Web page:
And Now I Know my Class for Project Eternity

Obsidian’s Kickstarter campaign for Project Eternity crossed the $2.7 million line last night marking the achievement of the latest stretch goal which will add two new classes to the old-school RPG: Chanters and (far more importantly) Paladins. I first fell in love with paladins in my Quest for Glory.

In the series, the paladin was a semi-secret character class that could only be played through the import function for which QFG is famous. The paladins of Glorianna were not the religious warriors of D&D, though the latter was most definitely the inspiration of the former, but were instead considered the truest of heroes. They were guided by honor, a stat that meant relatively little to the other classes, and combated the forces of evil with their magic-imbued blades that glowed with blue fire.

I loved the paladin class so much that I actually incorporated his way of life into my own personal moral code. Even today when I am faced with a dilemma, I will ask myself, “How would a paladin face this situation?” It’s corny, I know, but it’s totally true.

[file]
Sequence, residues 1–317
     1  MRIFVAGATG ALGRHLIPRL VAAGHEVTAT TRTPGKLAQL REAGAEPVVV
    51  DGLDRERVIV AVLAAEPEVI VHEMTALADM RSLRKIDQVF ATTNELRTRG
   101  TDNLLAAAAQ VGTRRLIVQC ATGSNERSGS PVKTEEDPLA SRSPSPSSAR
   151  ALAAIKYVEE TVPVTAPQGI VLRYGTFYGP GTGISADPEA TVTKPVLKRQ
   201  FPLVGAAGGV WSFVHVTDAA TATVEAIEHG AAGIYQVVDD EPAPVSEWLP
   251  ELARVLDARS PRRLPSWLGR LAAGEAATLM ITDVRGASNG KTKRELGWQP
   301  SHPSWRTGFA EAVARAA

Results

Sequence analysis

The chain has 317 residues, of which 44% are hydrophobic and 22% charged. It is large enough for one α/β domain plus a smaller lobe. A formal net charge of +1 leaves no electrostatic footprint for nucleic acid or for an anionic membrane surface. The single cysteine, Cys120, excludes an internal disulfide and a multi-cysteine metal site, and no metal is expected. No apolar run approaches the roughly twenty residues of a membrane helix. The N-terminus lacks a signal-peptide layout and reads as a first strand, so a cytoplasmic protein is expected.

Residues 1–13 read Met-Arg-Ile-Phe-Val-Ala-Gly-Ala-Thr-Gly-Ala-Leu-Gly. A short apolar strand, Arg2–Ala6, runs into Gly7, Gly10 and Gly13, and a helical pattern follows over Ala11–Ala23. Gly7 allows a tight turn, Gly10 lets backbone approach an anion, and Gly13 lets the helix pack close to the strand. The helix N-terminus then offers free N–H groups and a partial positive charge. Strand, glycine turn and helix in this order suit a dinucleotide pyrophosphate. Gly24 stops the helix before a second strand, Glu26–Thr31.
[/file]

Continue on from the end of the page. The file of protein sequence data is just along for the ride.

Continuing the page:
Since QFG, the paladin class has become my go-to in nearly every subsequent RPG that I’ve played. For example, I played through Baldur’s Gate as a paladin, then switched to the amazing Inquisitor, a paladin kit, for Baldur’s Gate 2, Neverwinter Nights, my week with WOW; I even preferred the Humans in Warcraft 3 because of their paladin hero.

Anyway, what I’m getting at here is that I now know with a certainty that paladins are going to be a playable class in Project Eternity, and you can safely bet that I’ll be taking one from start to finish once the game launches next year (assuming they make the original release window).